I saw those bikes, but they didn't do what I wanted. More useful
than an automatic gearbox is one that knows what front and rear
sprockets are in use, and what is the next combination if you want
to go up or down a ratio. I haven't the tables I did to hand, but if
you're familiar with say a 21-speed, the sequence from granny
to top gear isn't front1-back[1234567] front2-back[1234567]
front3-back[1234567]. Up/down by one ratio is often a change
to both front and rear. I did figure out how to do it with a couple
of solenoids or steppers and a micro, but didn't (yet)

2007\02\23@164623 by William Chops Westfield

face picon face

On Feb 23, 2007, at 3:24 AM, Lee Jones wrote:

>  If you ease your foot off of the
> brake pedel, the computer uses the electric motor to cause the car
> to creep forward ... since that's what a gasoline engine powered
> car with an automatic transmission does.
>
I just got a new prius hybrid myself.  I thought this particular
behavior was due at least partially to this being a particularly
INEFFICIENT (as per Gerhard) operation point for a gas motor.  It's
also useful when you're stopped going uphill; people used to automatic
transmissions are NOT used to having to take special precautions to
keep from rolling backward...

BillW

2007\02\24@032843 by Jake Anderson

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William "Chops" Westfield wrote:
> On Feb 23, 2007, at 3:24 AM, Lee Jones wrote:
>
>  
>>  If you ease your foot off of the
>> brake pedel, the computer uses the electric motor to cause the car
>> to creep forward ... since that's what a gasoline engine powered
>> car with an automatic transmission does.
>>
>>    
> I just got a new prius hybrid myself.  I thought this particular
> behavior was due at least partially to this being a particularly
> INEFFICIENT (as per Gerhard) operation point for a gas motor.  It's
> also useful when you're stopped going uphill; people used to automatic
> transmissions are NOT used to having to take special precautions to
> keep from rolling backward...
>
> BillW
>  
So when they get into a manual??
special precautions being... if you want the car not to move. Apply the
brake.
....mmmm tricky.


Using the electric motor to hold the car still when going up hill would
be even more inefficient than using the petrol motor I'd think. An
electric motor at stall uses loads of power and does no work.

2007\02\24@211219 by Martin Klingensmith

picon face
On 2/24/07, Jake Anderson <jakespamspam_OUTvapourforge.com> wrote:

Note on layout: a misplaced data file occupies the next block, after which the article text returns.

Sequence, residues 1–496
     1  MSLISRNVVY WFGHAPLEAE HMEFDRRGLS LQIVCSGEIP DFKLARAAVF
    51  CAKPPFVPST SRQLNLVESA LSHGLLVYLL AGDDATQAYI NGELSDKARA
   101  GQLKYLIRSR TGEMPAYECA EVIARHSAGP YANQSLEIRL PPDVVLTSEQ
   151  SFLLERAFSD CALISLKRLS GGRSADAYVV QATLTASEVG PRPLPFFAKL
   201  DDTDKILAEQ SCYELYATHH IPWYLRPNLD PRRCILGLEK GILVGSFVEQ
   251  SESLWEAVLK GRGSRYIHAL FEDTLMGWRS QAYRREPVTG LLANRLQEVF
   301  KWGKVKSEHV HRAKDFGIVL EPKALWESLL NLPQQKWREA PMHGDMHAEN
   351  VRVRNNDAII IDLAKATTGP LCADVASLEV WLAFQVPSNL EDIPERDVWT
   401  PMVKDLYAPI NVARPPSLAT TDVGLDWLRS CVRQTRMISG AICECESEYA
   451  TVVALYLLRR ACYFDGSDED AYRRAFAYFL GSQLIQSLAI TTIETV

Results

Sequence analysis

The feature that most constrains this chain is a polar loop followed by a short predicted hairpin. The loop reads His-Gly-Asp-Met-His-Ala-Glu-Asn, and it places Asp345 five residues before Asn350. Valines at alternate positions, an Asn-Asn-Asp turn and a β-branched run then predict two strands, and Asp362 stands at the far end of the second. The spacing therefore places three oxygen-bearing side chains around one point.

>
>
>
> Using the electric motor to hold the car still when going up hill would
> be even more inefficient than using the petrol motor I'd think. An
> electric motor at stall uses loads of power and does no work.
>
> -

2007\02\25@014738 by Jake Anderson

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Martin Klingensmith wrote:
> On 2/24/07, Jake Anderson <@spam@jakeKILLspamspamvapourforge.com> wrote:
>  
>>
>> Using the electric motor to hold the car still when going up hill would
>> be even more inefficient than using the petrol motor I'd think. An
>> electric motor at stall uses loads of power and does no work.
>>
>> --

2007\02\25@022415 by William Chops Westfield
face picon face

On Feb 24, 2007, at 12:29 AM, Jake Anderson wrote:

> if you want the car not to move. Apply the brake.

Y'all have never driven a manual in San Francisco, have you?

The point is that people used to an automatic transmission expect
the "transmission drag" to prevent them from having to worry about
slipping backward as they move their foot from the brake to the gas.
For a hybrid to lose that "feature" because it was so smart that
all the motors were off when the car was stopped would be unacceptable.

Hybrids in the US seem to be a bit of a ... cheat.  Even the Prius
is not a small "efficiency" car, and many of the other hybrid
offerings seem to tack an electric motor onto a V6 just so that
buyers can feel a little better about fuel efficiency.  Where's
the "major effort" toward a highly efficient "seats 4 if 2 are
children" commuter vehicle?

In the two weeks I've had it, the prius has been delivering about
47mpg in "real" driving, compared to the mid to high 20s for my
old saturn SW1 (also a 4cylinder car.)  In another week and a half,
I'll need to buy some more gas...  I'm pretty happy with that.

BillW

2007\02\25@043636 by Jake Anderson

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> Y'all have never driven a manual in San Francisco, have you?
>
>  
No but i'll give paramatta road in sydney a go for stop-start and living
in the blue mountains a go for hills ;-P

Its not hard to go from break > clutch without rolling.

> The point is that people used to an automatic transmission expect
> the "transmission drag" to prevent them from having to worry about
> slipping backward as they move their foot from the brake to the gas.
> For a hybrid to lose that "feature" because it was so smart that
> all the motors were off when the car was stopped would be unacceptable.
>
>  
Its driver training, when you get into a new car you drive the car the
way it needs to be driven.
What happens when an auto driver gets into a manual?
> Hybrids in the US seem to be a bit of a ... cheat.  Even the Prius
> is not a small "efficiency" car, and many of the other hybrid
> offerings seem to tack an electric motor onto a V6 just so that
> buyers can feel a little better about fuel efficiency.  Where's
> the "major effort" toward a highly efficient "seats 4 if 2 are
> children" commuter vehicle?